Before any journey it is important to take a breath, a pause. Check your pack, your tickets, your passport, your fitness, your contacts, those notes you’ve made, that map you’ve printed — all these things we do by habit. Or mostly do, I’ve known people forget or overlook one or the other — and that’s fine too, they somehow get away with it, still enjoy the ride.

But, for me, I am a planner. I like lists. I like notes and notebooks, the scent of the paper and ink, the gentle scratch of the pencil or, increasingly, the new folder in my Scrivener binder.

The funny thing is — without the planning I would never be able to go off piste, to wander without destination or take a deliberate wrong turn. It is almost as though, by being thorough, I am giving myself permission to tear up the plan. I have thought ahead, I have looked at all the outcomes I can possibly visualise — now time to forget about them and walk out into the world…

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As I write this I do not know where my journey will lead — physically, emotionally, mentally — even geographically. It is an unknown quality, and I like that. Once upon a time it would have put me off — I would have made excuses, revelled in whatever safety net I had blanketed myself within. Now, though, the thrill of the unknown gains in importance day by day, its drum beat pounding in my ears and heart, more insistent, harder, faster. I am finding myself pushing at comfort zones, trying new things, daring myself. And the rewards are already exceeding any plan I had. I am being surprised, which is still a rare thing for me.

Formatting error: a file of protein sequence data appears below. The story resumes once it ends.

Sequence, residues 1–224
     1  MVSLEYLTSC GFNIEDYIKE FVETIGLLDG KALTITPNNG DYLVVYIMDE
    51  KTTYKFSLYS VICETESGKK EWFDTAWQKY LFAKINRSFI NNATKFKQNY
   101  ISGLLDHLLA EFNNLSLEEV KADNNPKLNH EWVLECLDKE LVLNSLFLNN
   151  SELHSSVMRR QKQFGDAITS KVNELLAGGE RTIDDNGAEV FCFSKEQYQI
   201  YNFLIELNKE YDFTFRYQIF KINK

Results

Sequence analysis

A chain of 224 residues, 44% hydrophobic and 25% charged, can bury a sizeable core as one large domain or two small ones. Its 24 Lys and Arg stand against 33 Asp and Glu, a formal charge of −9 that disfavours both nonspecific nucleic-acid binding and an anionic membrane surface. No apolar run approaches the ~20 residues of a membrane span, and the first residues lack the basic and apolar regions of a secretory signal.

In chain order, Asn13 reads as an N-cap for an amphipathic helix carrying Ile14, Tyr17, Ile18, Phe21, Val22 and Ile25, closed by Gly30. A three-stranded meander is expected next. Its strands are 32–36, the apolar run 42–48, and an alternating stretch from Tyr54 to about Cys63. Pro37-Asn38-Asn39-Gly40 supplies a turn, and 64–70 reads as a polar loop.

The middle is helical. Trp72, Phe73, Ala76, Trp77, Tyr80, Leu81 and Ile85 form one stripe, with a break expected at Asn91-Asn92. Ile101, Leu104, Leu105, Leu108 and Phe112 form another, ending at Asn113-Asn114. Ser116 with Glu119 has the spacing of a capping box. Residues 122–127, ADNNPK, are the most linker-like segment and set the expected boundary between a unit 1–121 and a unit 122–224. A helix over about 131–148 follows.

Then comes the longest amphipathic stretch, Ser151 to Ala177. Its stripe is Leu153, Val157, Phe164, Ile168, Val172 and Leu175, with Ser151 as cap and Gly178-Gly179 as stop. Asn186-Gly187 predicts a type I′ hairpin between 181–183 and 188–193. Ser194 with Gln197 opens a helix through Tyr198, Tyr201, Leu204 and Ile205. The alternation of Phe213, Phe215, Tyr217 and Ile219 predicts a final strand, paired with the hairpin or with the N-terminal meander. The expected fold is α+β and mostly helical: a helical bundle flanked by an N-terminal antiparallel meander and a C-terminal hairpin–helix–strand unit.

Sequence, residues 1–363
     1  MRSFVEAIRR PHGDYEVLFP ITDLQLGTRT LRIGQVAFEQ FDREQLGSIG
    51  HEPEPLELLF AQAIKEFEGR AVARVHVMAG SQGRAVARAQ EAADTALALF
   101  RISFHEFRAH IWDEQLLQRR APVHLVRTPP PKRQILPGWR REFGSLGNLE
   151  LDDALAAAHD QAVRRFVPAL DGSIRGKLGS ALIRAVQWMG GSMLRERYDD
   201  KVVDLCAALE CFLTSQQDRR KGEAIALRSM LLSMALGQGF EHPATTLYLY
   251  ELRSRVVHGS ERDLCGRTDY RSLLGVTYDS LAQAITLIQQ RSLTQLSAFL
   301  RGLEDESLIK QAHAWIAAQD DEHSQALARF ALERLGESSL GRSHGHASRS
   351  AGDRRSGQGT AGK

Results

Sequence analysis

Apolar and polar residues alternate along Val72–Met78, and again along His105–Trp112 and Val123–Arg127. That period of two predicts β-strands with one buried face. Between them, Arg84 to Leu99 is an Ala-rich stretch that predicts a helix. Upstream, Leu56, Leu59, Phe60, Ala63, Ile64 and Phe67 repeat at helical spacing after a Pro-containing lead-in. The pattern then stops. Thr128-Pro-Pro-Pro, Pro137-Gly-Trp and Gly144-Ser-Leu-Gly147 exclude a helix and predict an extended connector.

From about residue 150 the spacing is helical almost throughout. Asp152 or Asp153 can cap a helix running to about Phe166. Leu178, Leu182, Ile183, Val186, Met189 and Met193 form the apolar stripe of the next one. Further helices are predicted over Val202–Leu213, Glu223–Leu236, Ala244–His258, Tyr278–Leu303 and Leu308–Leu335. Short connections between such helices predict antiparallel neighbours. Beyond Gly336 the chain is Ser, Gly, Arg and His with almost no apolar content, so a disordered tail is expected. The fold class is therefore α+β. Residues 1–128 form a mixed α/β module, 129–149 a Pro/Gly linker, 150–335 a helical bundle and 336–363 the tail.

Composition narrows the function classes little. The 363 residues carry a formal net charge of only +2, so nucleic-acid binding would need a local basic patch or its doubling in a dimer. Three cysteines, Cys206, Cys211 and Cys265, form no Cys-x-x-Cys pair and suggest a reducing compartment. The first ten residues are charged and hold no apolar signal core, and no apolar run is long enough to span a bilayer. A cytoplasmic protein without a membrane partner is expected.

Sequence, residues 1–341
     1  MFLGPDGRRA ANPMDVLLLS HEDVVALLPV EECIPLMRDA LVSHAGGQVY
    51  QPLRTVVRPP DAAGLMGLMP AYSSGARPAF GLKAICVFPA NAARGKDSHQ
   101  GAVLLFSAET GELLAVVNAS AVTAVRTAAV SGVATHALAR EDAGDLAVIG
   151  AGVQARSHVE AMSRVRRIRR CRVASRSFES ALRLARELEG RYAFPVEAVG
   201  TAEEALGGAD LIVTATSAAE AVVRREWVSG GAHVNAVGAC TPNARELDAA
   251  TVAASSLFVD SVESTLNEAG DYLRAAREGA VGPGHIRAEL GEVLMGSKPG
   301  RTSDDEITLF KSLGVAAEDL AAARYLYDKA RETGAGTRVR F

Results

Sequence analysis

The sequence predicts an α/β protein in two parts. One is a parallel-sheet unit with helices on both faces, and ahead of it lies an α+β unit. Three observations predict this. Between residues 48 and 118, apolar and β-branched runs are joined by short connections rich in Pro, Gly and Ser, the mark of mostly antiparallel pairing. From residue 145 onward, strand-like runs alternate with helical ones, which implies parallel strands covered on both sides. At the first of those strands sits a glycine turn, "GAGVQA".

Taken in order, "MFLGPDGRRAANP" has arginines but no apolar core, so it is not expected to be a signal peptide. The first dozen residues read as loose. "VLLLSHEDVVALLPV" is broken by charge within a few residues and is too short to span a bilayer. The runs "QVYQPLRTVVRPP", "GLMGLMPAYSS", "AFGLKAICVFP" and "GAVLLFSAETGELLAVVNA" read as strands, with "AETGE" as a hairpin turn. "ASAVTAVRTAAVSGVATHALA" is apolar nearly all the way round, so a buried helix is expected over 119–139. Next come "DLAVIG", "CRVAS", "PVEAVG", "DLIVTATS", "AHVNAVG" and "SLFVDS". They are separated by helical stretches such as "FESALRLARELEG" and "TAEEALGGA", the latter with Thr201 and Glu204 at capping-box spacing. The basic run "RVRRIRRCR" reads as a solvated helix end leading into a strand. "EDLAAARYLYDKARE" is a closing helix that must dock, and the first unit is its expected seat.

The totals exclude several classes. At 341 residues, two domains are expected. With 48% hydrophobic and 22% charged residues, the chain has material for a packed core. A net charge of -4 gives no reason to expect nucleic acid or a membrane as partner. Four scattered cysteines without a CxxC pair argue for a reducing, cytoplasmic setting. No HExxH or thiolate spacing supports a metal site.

As I write this the leaves on the planes and wych elms are unfurling before my eyes. If I stand at the window and listen hard enough, I swear I can hear them as they sigh open, stretch after their budded confinement and reach to the sun. As they do so my room gets darker and darker with each leaf, the summer-dark has arrived, and it will remain until October. I realised this morning that I must drink this in, absorb the light filtering through — for this is likely to be the last time I sit typing at this desk, whilst outside the window spring is bursting into my world. By this time next year I am unlikely to be here. Knowing this gives every small thing an extra tangibility. An extra level of meaning. I memorise the calls of the goldfinches, the siskins. I wonder what birds I shall be listening to this time next year — where?